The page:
How Credit Scores Impact Your Interest Rate


We should all make sure we look after our finances, especially when a home purchase is on the horizon. Your financial well-being can have a huge impact on the interest rate you'll end up paying on your mortgage. Most lenders, whether U.S.-based or not, are going to check your financial status before they even start talking about prevailing mortgage interest rates. In other words: Your credit score really matters!

It all starts when you get your first job or credit card. These days, many leading credit agencies take into account credit cards controlled by parents, as well. As long as your credit card has your name on it, you will have started what can only be described as your "credit career." It's vital to look after your credit if you want to pay less for future loans such as mortgages.


Your credit score can have a dramatic effect on being able to achieve the lowest home mortgage interest rates. While interest rates are a key component in choosing a lender, don't think for a moment they are the only criteria. A lender's personal service and attention to detail are also vital. Your mortgage brokers should be knowledgeable and be able to answer important mortgage questions with ease.

To make sure you can enjoy the best interest rates when you take out a mortgage, there are some factors that are more important than others. The first one may seem like a rather quirky one: Believe it or not, it is a good idea to have some kind of credit agreement. It doesn't matter if it's a credit card or auto loan. A prospective lender may not even look at the amount of the loan, but they will certainly make sure that you have been making payments on time.

Late payments are red flags to any lender. Make sure you're fully committed to any loan you take out, and you can afford to pay it back.Being fiscally responsible is a staple of homeownership—and your credit card balances are loans. Another crucial consideration is making sure you maintain your income level. This is another thing lenders will take into account when granting loans.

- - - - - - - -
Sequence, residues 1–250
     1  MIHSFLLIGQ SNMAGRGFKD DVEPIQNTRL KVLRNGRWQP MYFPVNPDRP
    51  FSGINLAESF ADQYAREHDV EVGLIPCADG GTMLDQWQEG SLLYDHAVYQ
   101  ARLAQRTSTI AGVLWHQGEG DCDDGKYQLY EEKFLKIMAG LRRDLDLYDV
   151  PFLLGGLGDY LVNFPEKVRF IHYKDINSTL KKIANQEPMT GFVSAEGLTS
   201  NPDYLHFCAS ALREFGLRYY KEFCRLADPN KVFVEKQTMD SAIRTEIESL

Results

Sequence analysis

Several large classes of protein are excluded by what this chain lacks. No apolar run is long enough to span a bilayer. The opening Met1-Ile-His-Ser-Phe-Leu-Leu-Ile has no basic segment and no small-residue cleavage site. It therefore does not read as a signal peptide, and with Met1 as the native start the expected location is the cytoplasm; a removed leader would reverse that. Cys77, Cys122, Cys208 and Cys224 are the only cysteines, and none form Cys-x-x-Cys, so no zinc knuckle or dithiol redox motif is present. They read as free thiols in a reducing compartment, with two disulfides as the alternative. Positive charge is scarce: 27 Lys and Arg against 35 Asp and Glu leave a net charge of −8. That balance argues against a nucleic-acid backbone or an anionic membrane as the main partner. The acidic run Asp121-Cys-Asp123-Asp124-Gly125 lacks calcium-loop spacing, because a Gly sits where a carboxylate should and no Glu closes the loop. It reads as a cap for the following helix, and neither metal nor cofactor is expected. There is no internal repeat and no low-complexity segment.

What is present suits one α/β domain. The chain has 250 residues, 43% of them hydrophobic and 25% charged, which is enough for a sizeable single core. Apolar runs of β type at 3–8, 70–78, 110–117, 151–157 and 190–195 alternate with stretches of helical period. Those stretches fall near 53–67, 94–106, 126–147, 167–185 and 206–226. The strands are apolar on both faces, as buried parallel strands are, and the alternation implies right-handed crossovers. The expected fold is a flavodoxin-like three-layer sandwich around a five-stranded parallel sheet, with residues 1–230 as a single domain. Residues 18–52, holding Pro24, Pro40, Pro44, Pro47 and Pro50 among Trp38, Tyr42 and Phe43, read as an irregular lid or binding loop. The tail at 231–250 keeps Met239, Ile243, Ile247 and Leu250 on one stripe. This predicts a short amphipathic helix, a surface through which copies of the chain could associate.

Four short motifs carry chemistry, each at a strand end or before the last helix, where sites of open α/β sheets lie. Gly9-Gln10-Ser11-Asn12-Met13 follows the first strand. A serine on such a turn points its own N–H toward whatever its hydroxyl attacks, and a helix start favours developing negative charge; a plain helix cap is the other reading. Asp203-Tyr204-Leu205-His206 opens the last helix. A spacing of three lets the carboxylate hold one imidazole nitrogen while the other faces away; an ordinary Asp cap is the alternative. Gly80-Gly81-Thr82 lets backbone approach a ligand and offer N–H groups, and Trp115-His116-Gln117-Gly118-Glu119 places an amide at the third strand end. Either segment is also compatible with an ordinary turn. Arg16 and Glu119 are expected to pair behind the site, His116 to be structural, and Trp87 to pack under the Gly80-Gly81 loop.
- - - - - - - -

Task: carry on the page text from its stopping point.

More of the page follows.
It's highly advisable to check your credit report at least once a year. You can actually check your credit score for free once a year with each of the three major credit bureaus: Equifax, Experian and TransUnion. It's easier than ever before for someone to "borrow" your credits core. Make sure all of the information is correct. If you notice something suspicious, you need to contact the credit agency as soon as possible. Mistakes or fraud can certainly impact your score.

It can be tempting to think that not borrowing any money will make you the perfect candidate for a low-interest mortgage. Unfortunately, this is not true. Lenders are anxious to see a credit score, and without any credit information, you're likely to end up with a bad interest rate. Unfortunately, not all lenders tell you about the factors that can influence your credit score. Card surfing or changing credit cards often in order to pay off balances will not do you any good. You may not be aware of this, but when you apply for almost any financial product, a lender will check your credit report. If you do so a couple of times over a 12-month period, it can adversely affect your credit score, so don't be fanatical about checking every few months.


Do you want a 30-year or 15-year mortgage? Should you go for a fixed- or adjustable-rate loan? Is there a special mortgage program that you qualify for, such as a VA or FHA loan? These are all vital questions to ask a lender. The answers will determine a significant portion of your financial future with owning a home, so put the necessary time in to make the best choice.

Buying a house is a significant step in one's life. Doing so with a sound financial plan will make things go a lot smoother with significantly less stress. Proper planning will help make your goal of home ownership a reality with far fewer headaches.Do your best to make sure your credit scores are sound. Best of luck when the time comes to purchase a home!

source: RISmedia